Deaf and Hard of Hearing Children:

Federal Support for Developing Language and Literacy

GAO-11-357: Published: May 25, 2011. Publicly Released: May 25, 2011.

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Deaf and hard of hearing children can face significant challenges developing the language and literacy skills needed to succeed in school and become self-sufficient adults. The federal government supports these children through the Early Hearing Detection and Intervention (EHDI) program, which awards grants to states to develop systems to screen and diagnose newborns and infants for hearing loss and refer them for appropriate interventions. Also, the Individuals with Disabilities Education Act (IDEA) supports and funds early intervention and special education services for children with disabilities, including deafness and hearing loss. To better understand how federal programs support deaf and hard of hearing children, GAO was asked to examine the: (1) extent of hearing loss among children, (2) settings in which these children are educated, (3) factors that help deaf and hard of hearing children acquire language and literacy skills, and (4) challenges to providing appropriate interventions for these children. GAO analyzed data on hearing loss; reviewed research literature; interviewed educators, national organizations, parents, and state and federal officials; and examined relevant federal laws and regulations. A draft of this report was provided to the Departments of Education and Health and Human Services for review and comment. Each provided technical comments, which were incorporated into the report, as appropriate. GAO makes no recommendations in this report.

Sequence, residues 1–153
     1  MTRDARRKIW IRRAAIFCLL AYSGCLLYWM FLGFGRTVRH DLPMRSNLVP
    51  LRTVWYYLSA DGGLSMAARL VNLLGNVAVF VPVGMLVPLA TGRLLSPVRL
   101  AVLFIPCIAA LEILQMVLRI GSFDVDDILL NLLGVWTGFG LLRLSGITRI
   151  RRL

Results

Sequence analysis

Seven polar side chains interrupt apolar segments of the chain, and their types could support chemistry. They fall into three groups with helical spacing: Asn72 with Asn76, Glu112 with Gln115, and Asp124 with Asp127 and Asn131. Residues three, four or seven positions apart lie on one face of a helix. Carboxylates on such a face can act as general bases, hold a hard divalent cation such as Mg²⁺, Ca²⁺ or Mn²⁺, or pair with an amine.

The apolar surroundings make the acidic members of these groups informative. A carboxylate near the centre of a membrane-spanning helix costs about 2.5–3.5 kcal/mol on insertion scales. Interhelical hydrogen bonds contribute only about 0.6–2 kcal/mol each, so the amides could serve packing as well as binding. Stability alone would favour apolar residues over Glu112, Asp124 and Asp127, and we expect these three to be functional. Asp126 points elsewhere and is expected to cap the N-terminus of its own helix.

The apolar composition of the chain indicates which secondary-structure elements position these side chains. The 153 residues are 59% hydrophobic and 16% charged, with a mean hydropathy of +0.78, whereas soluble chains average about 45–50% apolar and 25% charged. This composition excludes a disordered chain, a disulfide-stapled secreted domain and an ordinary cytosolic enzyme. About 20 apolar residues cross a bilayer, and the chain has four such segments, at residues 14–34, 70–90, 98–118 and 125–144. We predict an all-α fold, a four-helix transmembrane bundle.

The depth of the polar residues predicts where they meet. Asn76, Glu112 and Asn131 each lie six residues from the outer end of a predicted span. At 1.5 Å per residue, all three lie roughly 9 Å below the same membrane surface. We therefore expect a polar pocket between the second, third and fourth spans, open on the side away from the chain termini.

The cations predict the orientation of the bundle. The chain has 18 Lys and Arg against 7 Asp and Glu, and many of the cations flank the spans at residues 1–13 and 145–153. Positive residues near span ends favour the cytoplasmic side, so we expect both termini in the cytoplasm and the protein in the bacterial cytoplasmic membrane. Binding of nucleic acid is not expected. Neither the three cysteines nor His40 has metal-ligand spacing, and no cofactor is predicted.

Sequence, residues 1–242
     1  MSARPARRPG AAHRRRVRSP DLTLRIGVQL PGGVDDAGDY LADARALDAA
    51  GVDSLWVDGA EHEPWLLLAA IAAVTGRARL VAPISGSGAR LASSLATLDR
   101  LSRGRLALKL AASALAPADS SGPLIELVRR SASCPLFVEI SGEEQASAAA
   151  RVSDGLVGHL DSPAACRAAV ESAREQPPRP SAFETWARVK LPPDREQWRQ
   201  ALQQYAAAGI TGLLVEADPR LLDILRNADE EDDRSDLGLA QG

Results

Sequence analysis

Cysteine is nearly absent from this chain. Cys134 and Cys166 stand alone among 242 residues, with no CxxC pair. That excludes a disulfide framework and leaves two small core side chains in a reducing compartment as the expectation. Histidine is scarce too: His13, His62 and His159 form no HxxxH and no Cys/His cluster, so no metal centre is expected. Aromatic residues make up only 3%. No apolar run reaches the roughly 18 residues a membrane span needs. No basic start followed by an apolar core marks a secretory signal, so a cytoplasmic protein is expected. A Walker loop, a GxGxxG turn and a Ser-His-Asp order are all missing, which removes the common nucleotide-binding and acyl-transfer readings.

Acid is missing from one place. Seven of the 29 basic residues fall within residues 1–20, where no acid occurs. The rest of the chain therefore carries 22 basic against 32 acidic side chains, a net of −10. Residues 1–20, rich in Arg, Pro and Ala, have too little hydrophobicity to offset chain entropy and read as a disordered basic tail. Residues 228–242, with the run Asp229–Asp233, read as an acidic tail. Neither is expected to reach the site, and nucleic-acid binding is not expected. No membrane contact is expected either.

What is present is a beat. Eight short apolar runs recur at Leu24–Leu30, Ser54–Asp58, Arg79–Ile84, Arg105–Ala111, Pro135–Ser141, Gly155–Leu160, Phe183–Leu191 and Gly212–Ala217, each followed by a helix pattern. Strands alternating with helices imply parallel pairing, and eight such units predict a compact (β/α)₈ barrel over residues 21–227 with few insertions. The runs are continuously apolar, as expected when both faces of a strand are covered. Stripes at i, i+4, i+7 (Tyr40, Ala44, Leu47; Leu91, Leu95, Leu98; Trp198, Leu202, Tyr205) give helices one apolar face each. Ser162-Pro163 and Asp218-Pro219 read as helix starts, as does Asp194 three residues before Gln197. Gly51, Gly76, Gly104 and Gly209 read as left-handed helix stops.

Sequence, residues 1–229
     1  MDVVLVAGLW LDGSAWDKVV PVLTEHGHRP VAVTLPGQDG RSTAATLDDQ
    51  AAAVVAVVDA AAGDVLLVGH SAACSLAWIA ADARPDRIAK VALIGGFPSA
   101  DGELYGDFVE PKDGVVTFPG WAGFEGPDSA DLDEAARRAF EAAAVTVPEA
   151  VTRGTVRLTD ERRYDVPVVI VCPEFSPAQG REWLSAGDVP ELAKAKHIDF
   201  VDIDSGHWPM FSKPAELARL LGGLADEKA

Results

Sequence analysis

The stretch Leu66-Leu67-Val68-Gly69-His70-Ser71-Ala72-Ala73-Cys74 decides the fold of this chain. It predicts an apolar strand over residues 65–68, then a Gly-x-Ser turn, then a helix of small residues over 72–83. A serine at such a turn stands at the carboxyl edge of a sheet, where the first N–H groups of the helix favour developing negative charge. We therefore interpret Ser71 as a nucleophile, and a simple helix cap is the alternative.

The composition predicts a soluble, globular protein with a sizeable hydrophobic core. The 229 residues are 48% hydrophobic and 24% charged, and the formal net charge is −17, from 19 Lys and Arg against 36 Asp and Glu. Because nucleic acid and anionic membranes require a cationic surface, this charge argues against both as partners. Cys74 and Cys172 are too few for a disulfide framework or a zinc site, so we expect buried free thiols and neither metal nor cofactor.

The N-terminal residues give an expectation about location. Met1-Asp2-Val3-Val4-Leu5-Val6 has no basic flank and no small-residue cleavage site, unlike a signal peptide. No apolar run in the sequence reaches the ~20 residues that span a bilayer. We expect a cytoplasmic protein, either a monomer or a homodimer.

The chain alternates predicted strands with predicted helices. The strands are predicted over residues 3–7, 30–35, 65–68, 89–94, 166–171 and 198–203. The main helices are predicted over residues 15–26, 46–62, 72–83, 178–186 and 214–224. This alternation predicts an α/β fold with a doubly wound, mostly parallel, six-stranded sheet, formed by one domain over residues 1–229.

Available data indicate hearing loss affects a small percentage of children. In 2008, the prevalence of hearing loss among infants under 12 months was 0.1 percent, or about 1 diagnosed case per 1,000 screened. While the Centers for Disease Control and Prevention (CDC) does not collect hearing test data for children under age 12, other than EHDI data, federal surveys conducted from 2005 to 2009 estimated 3 percent or fewer of children nationwide under age 12 had hearing problems. Based on nationwide hearing examination data for youth aged 12-17 from 2005 to 2008, an estimated 1 percent had at least moderate hearing loss in one or both ears. Deaf and hard of hearing children are educated in a variety of settings, from regular classrooms to separate schools for the deaf. Data from the U.S. Department of Education (Education) indicate that in fall 2008 the majority of these children who received special education did so in regular early childhood programs or regular classrooms for at least part of their day. Experts GAO interviewed agreed that several key factors are critical for helping deaf and hard of hearing children acquire language and literacy skills. Early exposure to language--either spoken or signed--is critical because during the first few years of life it is easiest for children to learn language. Also, parents need to have information on the full range of communication options available so that they can make informed choices to meet their children's individual needs. Similarly, experts told GAO that education for these children should be individualized and that there should not be one standard approach for educating them. Additionally, having skilled professionals, such as qualified interpreters in regular classrooms, is important for ensuring that children with hearing loss receive the same information as their hearing classmates. Limited information and resources are challenges to providing deaf and hard of hearing children with appropriate interventions. Experts indicated that parents may not always receive information on the full range of communication options available, and may not understand the importance of enrolling their children in early intervention services. Additionally, a lack of data can limit efforts to evaluate early intervention outcomes. The EHDI law calls for CDC and the Health Resources and Services Administration in the Department of Health and Human Services (HHS) to support states in the evaluation of early intervention efforts--programs that are, in part, provided under IDEA. These agencies suggested that privacy requirements may restrict the information that EHDI and early intervention programs can share, limiting efforts to evaluate outcomes for children. However, HHS and Education are taking a number of steps to identify best practices for sharing data and tracking the outcomes of deaf and hard of hearing children who receive early intervention services. Experts also cited a shortage of qualified teachers and interpreters as a major challenge. Moreover, providing services for these students can be costly and it is difficult for schools to provide a variety of options, especially in rural areas.

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